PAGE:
Many consider orang kaya baru or the "new monied" particularly loathsome. For these are people who suddenly find themselves in a situation where they can buy what they want. They usually go totally overboard, however, as they drape themselves in the tackiest of clothes and jewelry, outwardly displaying their newfound wealth. They are the true slaves to all manner of trends and fashion, but all too often the effect ends up backfiring on them.

Of course, there are people who are just born cool. They came out that way. Look at certain movie stars of old -- those of the James Dean school. A psychologist says that movie stars such as Dean and Brando started the image of being cool. From then youth the world over began to adopt attitudes of such stars. But it was in the West that people had the money to do such things as buying leather jackets and motorcycles, whereas in Asia, only in the last 10 to 20 years have adolescents had the readies to buy the goods that have enabled them to foster an image of coolness.

Many would agree that African-Americans are the essence of hip. But it is those who try to be something they are not in order to fit in with the rest that fail miserably.

A friend says that one is either or not cool, and cited Will Smith as a case in point. If you are making an effort to be cool then you are not. Cool people do not try to be cool she said, adding that she thought many Indonesians had a visceral coolness about them.

People are cool, says another friend, when they are happy and comfortable with themselves. The singer Lou Bega is cool as you can clearly see how happy he is to be surrounded by scantily clad women (referring the music video for his hit song Mambo No. 5) whereas Robert Palmer is not cool in his video (for Addicted to Love) as he does not look that happy. She also said that coolness was not what one wore or said, it was what was in the person themselves.

Turning toward the older generation for a moment and consider a middle-aged woman wearing short denim skirts and partying the night away. A last-ditch effort at reliving earlier days or a pathetic sign of the menopause? Akin to beauty, it's all in the eye of the beholder. If that granny is happy, then that my friends is cool.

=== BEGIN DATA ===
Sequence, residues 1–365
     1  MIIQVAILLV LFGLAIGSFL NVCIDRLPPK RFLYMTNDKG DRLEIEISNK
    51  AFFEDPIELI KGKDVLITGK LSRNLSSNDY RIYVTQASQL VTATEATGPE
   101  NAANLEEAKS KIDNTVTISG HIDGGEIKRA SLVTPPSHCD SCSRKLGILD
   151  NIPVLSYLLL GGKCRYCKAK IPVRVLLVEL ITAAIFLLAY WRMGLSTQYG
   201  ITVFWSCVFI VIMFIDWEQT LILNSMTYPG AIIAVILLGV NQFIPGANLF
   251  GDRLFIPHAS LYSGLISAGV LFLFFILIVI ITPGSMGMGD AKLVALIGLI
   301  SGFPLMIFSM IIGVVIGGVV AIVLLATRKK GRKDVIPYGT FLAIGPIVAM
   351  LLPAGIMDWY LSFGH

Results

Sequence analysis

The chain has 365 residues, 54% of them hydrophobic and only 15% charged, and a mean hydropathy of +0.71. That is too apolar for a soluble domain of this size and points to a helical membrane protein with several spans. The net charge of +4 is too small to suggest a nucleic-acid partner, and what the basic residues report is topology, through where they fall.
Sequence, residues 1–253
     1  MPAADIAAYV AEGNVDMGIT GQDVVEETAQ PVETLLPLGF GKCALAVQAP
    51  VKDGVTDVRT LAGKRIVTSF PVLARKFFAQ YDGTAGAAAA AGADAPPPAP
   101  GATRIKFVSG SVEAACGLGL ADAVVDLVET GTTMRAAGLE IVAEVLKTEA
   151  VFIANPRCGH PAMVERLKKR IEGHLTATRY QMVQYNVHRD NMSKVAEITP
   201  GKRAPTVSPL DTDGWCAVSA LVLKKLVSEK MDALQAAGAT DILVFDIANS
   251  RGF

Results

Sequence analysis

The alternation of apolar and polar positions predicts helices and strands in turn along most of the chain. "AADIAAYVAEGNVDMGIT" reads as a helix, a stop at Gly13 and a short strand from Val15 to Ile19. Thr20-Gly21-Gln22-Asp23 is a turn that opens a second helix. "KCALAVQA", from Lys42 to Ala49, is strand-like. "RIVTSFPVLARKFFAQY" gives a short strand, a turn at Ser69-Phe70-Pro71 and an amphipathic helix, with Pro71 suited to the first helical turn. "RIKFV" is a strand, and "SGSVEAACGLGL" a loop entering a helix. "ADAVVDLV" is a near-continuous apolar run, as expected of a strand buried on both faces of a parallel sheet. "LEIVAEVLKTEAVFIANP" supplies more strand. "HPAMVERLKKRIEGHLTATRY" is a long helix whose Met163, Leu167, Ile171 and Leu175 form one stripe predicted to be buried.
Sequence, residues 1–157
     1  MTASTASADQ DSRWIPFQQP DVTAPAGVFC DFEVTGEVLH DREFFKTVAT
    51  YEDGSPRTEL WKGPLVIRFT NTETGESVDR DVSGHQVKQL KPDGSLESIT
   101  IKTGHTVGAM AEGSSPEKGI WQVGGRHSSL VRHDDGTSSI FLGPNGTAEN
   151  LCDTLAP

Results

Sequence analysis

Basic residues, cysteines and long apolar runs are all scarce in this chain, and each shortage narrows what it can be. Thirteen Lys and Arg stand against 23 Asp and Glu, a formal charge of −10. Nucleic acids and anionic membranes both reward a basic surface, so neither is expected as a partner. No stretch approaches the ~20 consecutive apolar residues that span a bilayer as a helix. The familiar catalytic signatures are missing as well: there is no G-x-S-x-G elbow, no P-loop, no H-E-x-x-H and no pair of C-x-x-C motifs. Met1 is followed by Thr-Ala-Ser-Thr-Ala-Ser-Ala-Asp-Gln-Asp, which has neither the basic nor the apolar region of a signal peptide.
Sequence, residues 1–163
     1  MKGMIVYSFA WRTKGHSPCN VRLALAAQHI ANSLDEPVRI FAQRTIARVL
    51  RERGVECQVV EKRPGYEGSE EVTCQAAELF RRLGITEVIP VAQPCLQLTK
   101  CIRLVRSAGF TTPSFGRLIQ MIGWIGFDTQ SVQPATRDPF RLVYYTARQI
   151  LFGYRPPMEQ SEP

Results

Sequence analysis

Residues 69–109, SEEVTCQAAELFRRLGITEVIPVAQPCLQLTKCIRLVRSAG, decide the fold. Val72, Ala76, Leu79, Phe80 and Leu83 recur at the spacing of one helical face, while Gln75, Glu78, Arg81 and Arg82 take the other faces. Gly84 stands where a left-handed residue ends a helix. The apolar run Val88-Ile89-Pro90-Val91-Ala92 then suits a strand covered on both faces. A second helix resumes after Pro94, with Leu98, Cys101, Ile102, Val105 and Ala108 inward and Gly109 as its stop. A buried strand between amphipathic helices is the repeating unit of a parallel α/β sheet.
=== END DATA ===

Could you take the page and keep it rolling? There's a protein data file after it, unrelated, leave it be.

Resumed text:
And if you want to spot those who are desperate to be hip, look no further than your nearest shopping mall, particularly on the weekend, and you will see desperately sad cases of the nearly-made-it syndrome as they fawn around from floor to floor and make endless trips in elevators.

We all know, of course, mainly through movies, that America is to blame for this emulation by Asians. And not just the movies, pop stars too. However, most people think that when Scary Spice took to the stage wearing platforms and tight tops, so started the craze of wearing similar clothing. Not true, as the Japanese were streets ahead in terms of trend and had been wearing this gear for some time before the West caught on. Same with the ubiquitous combats of late. A case, therefore, of Japan learning from the West, turning it on its head and forging ahead with its own ideas. Somewhat similar to that country's post World War II efforts, you might think.

A colleague recently said that coolness was more of a male preserve than a female one. And when you think about it it is probably true. How many cool women do you know?

James Dean with a matchstick in the corner of his mouth is cool -- until someone lights it, says Izzard. There is a fine line, he said, between looking cool and looking like a blockhead.